How excited are you about going to your classes?
- In your classes, how excited are you to participate?
- When you are not in school, how often do you talk about ideas from your classes?
- How focused are you on the activities in your classes?
- How interested are you in your classes?
The goal was to get a clear picture of how attentive and invested students are in class, and the results were pleasing. Using Panorama's platform, our district identified that Perry Elementary has the highest level of school engagement of any of the elementary schools in the Huntington Beach City School District. Compared to elementary schools in urban areas with the same level of students with Free and Reduced Lunch Status, and using Panorama's peer benchmarks, Perry Elementary scores near the 90th percentile nationwide.
Perry Elementary's School Engagement score in Spring 2016 put the school near the 90th percentile of all schools in Panorama's national dataset.
Our qualitative data reveals that students are more engaged and motivated and that the learning is more meaningful to them. Having a focus on STEAM has directly impacted the social-emotional, behavioral and academic achievement needs of our student population. The hands-on experiences have also proven to be very beneficial for our English language learners, as they are able to attach meaning through experiential learning opportunities. Each science standard is correlated to the state content standards that the unit addresses in mathematics and in English-language arts and English language development. Students also write in their journal regularly about their learning activities and have to support their hypotheses with evidence. Students have weekly hands-on science/STEAM activities and experiences that also incorporate research and inquiry-based learning. Teachers have the opportunity to collaborate weekly and to work together to build units of study not only with our Title I/STEAM educator but also with our full-time library media/technician. Our full-time library media/technician has provided classrooms with access to not only technological devices, but also to informational text that supports the interdisciplinary learning topics. Research projects, models, rocket launches, field trips, simulations, Family STEAM science nights, and labs show how the scientific method can be applied to everyday life. Integrating science across all curricular disciplines and content areas has increased school-wide engagement and has provided students with opportunities to address 21st century skills and competencies.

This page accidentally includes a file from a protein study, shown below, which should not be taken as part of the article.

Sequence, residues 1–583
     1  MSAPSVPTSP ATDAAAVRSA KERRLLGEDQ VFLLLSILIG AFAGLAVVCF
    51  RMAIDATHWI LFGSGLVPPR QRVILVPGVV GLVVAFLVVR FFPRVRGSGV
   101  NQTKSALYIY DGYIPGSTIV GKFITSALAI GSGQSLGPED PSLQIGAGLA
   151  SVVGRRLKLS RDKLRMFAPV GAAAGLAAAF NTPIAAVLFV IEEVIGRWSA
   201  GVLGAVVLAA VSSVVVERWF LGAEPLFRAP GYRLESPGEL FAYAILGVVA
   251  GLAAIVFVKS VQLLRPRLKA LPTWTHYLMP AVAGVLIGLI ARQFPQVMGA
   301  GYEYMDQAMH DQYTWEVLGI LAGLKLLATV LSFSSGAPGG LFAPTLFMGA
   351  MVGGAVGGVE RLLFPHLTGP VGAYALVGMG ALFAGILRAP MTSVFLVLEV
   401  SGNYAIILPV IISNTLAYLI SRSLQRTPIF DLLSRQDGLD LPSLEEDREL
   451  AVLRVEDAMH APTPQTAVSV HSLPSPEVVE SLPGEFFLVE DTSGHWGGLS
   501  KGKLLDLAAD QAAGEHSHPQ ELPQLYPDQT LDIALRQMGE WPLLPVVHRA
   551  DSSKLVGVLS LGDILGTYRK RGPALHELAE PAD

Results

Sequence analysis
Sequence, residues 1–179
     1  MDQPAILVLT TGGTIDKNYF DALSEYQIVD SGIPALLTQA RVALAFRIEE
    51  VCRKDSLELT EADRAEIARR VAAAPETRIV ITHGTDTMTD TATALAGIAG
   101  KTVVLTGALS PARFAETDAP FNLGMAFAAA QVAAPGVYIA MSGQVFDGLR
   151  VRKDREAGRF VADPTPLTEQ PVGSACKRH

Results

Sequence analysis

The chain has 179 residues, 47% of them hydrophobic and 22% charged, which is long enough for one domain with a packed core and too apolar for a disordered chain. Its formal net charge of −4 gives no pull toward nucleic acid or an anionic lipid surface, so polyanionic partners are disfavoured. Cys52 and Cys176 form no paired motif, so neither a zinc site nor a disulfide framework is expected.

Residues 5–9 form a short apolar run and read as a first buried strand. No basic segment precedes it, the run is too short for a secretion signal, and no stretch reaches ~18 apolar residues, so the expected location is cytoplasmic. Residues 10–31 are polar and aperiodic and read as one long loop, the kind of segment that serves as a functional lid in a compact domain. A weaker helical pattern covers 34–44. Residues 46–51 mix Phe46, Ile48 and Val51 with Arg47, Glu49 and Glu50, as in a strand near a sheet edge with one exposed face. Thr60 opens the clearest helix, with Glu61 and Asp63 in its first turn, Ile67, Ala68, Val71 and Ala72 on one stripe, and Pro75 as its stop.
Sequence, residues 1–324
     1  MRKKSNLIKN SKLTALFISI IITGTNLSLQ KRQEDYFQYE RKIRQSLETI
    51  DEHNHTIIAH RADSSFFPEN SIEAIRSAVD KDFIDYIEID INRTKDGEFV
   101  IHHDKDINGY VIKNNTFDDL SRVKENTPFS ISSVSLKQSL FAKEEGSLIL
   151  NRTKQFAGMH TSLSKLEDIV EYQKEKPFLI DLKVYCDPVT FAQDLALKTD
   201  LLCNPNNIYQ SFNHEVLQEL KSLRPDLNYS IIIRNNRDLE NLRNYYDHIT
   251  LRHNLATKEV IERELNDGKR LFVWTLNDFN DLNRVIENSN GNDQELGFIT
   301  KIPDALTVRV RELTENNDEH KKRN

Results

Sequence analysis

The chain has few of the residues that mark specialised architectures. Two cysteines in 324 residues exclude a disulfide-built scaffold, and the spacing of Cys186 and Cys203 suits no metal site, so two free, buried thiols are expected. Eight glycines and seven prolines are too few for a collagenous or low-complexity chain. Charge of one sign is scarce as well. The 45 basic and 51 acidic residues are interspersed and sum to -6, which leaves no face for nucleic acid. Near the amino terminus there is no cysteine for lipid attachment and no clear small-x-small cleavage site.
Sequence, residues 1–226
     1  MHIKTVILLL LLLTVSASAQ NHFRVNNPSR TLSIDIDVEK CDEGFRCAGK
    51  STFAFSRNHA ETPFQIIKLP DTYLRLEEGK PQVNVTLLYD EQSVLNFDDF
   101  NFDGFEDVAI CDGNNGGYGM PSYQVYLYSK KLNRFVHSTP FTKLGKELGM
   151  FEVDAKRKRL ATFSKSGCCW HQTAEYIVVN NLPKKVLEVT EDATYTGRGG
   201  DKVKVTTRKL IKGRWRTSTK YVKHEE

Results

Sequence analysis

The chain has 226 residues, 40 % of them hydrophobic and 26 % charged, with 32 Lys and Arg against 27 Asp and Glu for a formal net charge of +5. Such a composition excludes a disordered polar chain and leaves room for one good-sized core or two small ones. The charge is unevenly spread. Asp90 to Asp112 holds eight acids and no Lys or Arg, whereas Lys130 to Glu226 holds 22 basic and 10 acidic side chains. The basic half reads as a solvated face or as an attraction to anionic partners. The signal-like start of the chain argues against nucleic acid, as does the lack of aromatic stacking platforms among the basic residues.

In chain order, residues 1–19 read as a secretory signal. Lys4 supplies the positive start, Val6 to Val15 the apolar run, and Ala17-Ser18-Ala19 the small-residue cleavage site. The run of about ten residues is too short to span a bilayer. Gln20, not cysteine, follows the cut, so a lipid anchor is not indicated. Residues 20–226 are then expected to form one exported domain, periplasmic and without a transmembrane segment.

In addition to being validated by qualitative student survey measures, our efforts at Perry Elementary were also recognized by the state of California. Perry Elementary was a recipient of the Gold Ribbon Award, which recognizes schools for a model program or practice.
Lessons Learned: Building School Engagement with STEAM
For schools that might be interested in implementing a program similar to ours, here are four of the most important lesson we have learned.
1) Deposit before you withdraw. Students have to know you love them before they will love you. This is a phrase that I use quite often. Students will work for you, if they see that you care. The school climate and the classroom environment has to be one that exudes a genuine warmth. Teachers need to bring their passion and love of learning each day and to take an interest in their students and in their learning needs.
2) When you are looking to increase student achievement, always remember that kids want to be excited about the topic they are learning. In our experience, students love science, and they are engaged with project-based learning and hands-on/inquiry-based learning experiences that can extend to other academic content areas.
3) Provide teachers with the right tools to help implement the curriculum. STEAM and project-based learning shouldn't be about "bringing in one more thing." Focus on larger STEAM concepts and finding areas where you are able to integrate informational text, mathematics problem solving and writing into the larger science theme. Try to arrange and to get creative so that staff can have an opportunity to collaborate and to cooperatively plan sometime during the school day.
4) Commit to intentional learning. Sometimes schools that are socio-economically disadvantaged and/or have a high percentage of English language learners are not viewed as being strong schools, but in our case, our qualitative data would demonstrate otherwise. We have always viewed our diversity and our students as our greatest asset and strength. Our teachers have created an environment where students are invested and excited about their learning. Through the deliberate teaching of science, technology, engineering, art/design and mathematics.
At Perry Elementary, we are committed to creating the best possible climate for learning, and we are inspired to work harder by what the student feedback from Panorama has told us: Kids love school, they are engaged by their classes, and they are invested in learning.